Stated another way, now come the consequences of a looming exit from ultraeasy money policies, and the picture so far isn't pretty.
The analysis from a team led by William Lee, managing director of the global chief economist team, and others offers some insight into the problems central banks in particular face for the road ahead:
Monetary, fiscal, and regulatory policy makers globally have had to discard historical practices and become more discretionary, politically contentious, and interventionist. On net, these policy developments collectively have heightened global uncertainty even as the recovery muddles along.
The Fed has been at the global forefront of monetary easing, expanding its balance sheet to more than $4.1 trillion in an effort to spur liquidity by buying up Treasurys and mortgage-backed securities.
But the central bank is looking now to exit the program through a process the market calls "tapering"—or the gradual withdrawal of the purchases. Market expectations are that the stimulus program, known as quantitative easing, will be finished by the end of the year.
(Read more: 'Spoiled' market getting hit with 'one-two punch')
That, though, will leave the Federal Reserve with another challenge. Janet Yellen, the bank's new chair, hopes to control market expectations through "forward guidance," or providing benchmarks the Fed will follow before it begins further tightening through interest rate increases.
Its communication strategy has been less than stellar, however. A misstep last summer by former Chairman Ben Bernanke left the markets believing that tightening would come sooner than expected, while recent trends have shown that the Fed almost certainly will have to abandon its 6.5 percent unemployment rate target for beginning to consider interest rate hikes.
It is the uncertainty of this process that seems to have roiled developing countries, about which the Citi analysis expressed concern:
With the anticipated end of quantitative easing, credible forward guidance is all that will be left in the Federal Reserve's unconventional toolkit. It is obvious that more practice is required with this instrument before we retire quantitative easing. Meanwhile, global markets must learn to be more vigilant, and other central banks (especially in emerging markets) must learn to calibrate appropriate responses as their exchange rates and capital flows are buffeted by this uncertain environment.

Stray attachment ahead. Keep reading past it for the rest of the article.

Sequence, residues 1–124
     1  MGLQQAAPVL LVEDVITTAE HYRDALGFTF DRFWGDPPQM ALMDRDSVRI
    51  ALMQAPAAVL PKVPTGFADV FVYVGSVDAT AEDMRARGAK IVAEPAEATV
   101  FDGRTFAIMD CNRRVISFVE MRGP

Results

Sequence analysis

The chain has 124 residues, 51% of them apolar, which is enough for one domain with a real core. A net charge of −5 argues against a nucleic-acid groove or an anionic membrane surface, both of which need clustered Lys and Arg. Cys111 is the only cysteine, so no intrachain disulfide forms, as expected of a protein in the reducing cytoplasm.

The end result, Lee wrote, is that policy uncertainty—both monetary, from the Fed, and fiscal, through other government officials—is stifling global economic production.
Using its proprietary Economic Policy Uncertainty index, Citi estimated that business investment was reduced by 57 percent in the U.S. and 36 percent in Germany because of misgivings about the direction of policy and its ramifications.
(Read more: Outlook for company profits is getting pretty ugly)
In its place came a business strategy that took advantage of ultra-low rates and high liquidity. Instead of plowing money into expansion and employment, businesses simply spent more than $1 trillion on stock buybacks and dividends to boost stock prices—rewarding a small group that holds equity stakes but penalizing the larger group that would have benefited through business expansion.
Growth has benefited from better consumption and housing demand, but investment spending as a share of (gross domestic product) has not recovered to pre-recession levels despite highly stimulative financial conditions that include "once-in-a-generation" low levels for global interest rates. Unless investment reverses its recent sharp decline, the likelihood of improving productivity growth to support higher wages and incomes diminishes, along with the hope for more robust sustainable long-term growth. In response, economic policy makers geared up with new approaches and policy tools to try to forestall such a dismal outcome. Unfortunately "no good deed goes unpunished," as the unintended consequences of their efforts may have inadvertently worsened the investment decline.
Ultimately, the problem with the Fed's QE is that no one really knew what would happen when it ended because the world has never taken monetary easing this far.
(Read more: Yellen's next hurdle: Republican scrutiny of Fed)
Citi winds up its analysis with a fairly grim summary of how much financial engineering may have hindered the post-crisis economy.
Since 2008, muted investment along with a tepid recovery has spawned proposals for more activist and demand-bolstering policies. Unfortunately, substantial evidence suggests that investment has been weak because of the dizzying array of unusually active policy measures implemented in the United States, and the anxiety-provoking anticipation of reform measures in Europe since the crisis. With growing uncertainty about the outcome of these unprecedented policy changes, investment plans were delayed or canceled, and aggregate demand faltered. Indeed, it is time to amend the old maxim that "the path to Hell is lined with good intentions and unintended consequences."
The evidence presented here implies that doing less, or at least being more predictable and credible in what is to be done, may be the best remedy to ease the headwinds restraining investment. Otherwise, sizable changes in interest rates, inflation, and GDP growth will be required to offset the uncertainty-related headwinds generated by the otherwise well-intentioned policy initiatives.
—By CNBC's Jeff Cox. Follow him on Twitter